Humility might not be the first quality that comes to mind when you think of leadership skills, but studies are showing that it is one of the most vital characteristics of successful leaders. Leaders who practice humility engender trust, empower their subordinates, look at failures as challenges and develop a team spirit — all of which leads to happier employees and more profits for the company.
Further, humble leadership has the same positive influence regardless of gender or nationality, according to a study by Catalyst: “Humility was one of the most significant indicators, after empowerment, of altruistic leadership in this study.”
Humility may be too easily dismissed as a leadership quality because people associate it with weakness, but according to several leadership experts, humility simply means understanding your strengths and weaknesses and recognizing the strengths and weaknesses of others.
Humility is about minimizing the self and maximizing the bigger purpose you represent, When you think about humility in that way, it becomes a vital competency in leadership because it takes the focus from the ‘I’ to ‘We.’ Leaders with humility engage us and give us a sense of identity and purpose.
The Catalyst study supports Sebaly’s assertion. It found that regardless of business or country, humble leaders make their employees feel included, which in turn makes them more comfortable in proposing innovations and helping others.
True humility also requires courage and trust that stem from the leaders’ confidence in themselves and their abilities.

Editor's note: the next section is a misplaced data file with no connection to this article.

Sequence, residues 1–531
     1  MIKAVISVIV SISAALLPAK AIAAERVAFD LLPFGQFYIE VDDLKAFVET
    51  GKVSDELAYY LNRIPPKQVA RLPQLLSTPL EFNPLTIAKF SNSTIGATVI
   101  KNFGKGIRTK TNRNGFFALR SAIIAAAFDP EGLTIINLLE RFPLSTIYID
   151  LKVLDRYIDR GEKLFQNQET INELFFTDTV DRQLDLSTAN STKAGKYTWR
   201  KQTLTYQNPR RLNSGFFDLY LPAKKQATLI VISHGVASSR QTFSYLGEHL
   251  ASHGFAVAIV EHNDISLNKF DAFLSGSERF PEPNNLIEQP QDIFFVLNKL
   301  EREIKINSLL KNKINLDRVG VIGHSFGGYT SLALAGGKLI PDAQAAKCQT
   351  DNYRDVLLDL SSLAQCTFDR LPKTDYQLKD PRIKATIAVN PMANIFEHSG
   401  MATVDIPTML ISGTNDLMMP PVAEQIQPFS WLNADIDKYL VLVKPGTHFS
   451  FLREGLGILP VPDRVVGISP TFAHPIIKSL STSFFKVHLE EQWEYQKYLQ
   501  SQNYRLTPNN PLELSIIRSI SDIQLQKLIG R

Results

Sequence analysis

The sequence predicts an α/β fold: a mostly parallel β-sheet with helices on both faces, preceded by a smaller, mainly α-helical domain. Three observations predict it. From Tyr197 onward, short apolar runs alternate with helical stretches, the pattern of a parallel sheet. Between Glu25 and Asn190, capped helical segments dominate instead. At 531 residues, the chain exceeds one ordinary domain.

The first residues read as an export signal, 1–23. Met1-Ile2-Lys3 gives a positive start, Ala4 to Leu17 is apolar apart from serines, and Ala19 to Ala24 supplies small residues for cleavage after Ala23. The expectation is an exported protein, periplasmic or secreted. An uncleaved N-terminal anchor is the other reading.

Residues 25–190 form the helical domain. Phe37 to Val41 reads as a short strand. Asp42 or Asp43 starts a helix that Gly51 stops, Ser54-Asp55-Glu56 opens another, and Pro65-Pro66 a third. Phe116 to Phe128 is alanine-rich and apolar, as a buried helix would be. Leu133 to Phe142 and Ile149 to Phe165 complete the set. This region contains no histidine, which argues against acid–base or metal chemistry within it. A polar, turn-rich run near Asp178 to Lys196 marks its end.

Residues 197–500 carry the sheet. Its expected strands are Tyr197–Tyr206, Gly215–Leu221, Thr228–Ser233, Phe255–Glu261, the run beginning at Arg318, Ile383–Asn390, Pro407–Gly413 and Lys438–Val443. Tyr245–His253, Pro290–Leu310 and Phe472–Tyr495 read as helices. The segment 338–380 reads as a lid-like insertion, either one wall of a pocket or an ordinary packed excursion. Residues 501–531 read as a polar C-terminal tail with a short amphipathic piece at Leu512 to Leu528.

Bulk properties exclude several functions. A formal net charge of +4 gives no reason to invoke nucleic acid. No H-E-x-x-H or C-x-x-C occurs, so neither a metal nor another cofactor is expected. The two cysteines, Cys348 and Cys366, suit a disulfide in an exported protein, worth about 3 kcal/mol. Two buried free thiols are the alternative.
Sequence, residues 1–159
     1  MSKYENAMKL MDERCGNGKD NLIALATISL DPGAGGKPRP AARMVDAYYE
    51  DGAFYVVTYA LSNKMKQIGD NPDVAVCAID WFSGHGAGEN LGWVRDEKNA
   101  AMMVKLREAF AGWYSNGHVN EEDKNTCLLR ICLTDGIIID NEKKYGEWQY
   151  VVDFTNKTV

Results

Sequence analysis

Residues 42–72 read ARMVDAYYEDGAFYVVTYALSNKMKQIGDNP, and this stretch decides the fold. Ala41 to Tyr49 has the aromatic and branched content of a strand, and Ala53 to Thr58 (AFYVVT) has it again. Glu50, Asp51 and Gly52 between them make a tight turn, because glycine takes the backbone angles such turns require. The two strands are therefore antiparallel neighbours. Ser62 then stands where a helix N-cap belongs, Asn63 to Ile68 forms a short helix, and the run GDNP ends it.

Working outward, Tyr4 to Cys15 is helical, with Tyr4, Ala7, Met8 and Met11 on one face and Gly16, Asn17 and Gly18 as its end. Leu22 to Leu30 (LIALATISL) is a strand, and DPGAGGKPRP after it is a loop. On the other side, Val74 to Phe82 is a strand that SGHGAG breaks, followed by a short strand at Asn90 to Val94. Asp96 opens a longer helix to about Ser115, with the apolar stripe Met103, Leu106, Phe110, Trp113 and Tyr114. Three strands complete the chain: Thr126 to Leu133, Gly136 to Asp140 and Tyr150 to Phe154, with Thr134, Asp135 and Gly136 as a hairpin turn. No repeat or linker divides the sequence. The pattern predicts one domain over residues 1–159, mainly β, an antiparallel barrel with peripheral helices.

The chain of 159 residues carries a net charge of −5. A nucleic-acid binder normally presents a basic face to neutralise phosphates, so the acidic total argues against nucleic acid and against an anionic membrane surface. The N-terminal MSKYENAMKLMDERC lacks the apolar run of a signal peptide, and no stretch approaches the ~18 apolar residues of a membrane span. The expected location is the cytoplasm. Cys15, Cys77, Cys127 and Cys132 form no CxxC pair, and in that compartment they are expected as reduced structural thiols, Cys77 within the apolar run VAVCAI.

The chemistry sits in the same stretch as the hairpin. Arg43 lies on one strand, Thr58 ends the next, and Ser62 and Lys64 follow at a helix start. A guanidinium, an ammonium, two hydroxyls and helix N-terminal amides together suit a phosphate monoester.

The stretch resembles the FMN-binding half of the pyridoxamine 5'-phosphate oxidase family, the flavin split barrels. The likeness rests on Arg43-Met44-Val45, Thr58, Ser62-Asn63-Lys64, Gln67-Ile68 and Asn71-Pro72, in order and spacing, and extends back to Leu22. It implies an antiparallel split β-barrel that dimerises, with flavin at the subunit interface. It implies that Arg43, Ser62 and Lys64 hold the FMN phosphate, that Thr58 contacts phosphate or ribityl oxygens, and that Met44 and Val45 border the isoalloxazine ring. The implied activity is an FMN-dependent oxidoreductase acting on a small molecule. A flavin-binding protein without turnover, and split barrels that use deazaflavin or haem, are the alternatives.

There’s a balance a leader has to strike between confidence and humility. Confidence is not about swagger but about the ability to project presence in the room, coordinate other people’s actions, and help others take action.
Developing humility while maintaining confidence
The key to developing humility is as difficult to enact as it is simple to explain. The first step is to accept and love your strengths and talents.
The more we experience humility, the more we reconcile the part of us that understands that we are important with the part of us that needs further proof.
The second step is being ready to learn through painful, humbling experiences. Everyone has a time in his or her career when they will mess up or fall short of expectations, and the more a leader pushes himself or herself to grow, the more such experiences they will face.
Even so, many people retreat from potentially painful situations, especially if they expect the discomfort to be severe. Most leaders will show courage as long as the pain is at the 1 to 3 level (on a scale of 1 to 10), but truly successful leaders will go into more humbling situations with an open mind and a desire to learn. Those people, in general, break past middle management.
To develop your sense of humility, you must learn your strengths and weaknesses. Solicit honest feedback from employees and peers, especially on how well you listen to ideas. (“Do I allow space for people to express ideas before stating my own?” “Do I come across as needing to have all the answers?)
When running a meeting, wait before offering answers to let others weigh in. This letting go can be hard, especially for experienced leaders who may have tackled similar problems earlier in their careers. However, empowering the team members to handle the issue not only gives them a chance to grow, but frees you up to handle higher-level issues.
Finally, acknowledging to yourself that you don’t have all the answers. That simple act can free you to be open to the suggestions of others.
Demonstrating humility means speaking to the higher purpose of accountability to the business or community. As such, it does not rob you of power, but enhances your authority as a leader.
Leaders that demonstrate humility hold people accountable, have tough conversations, and make difficult choices, They role-model, seeking the bigger purpose above the self-seeking approach. Those are the kinds of leaders that people will jump off a cliff for.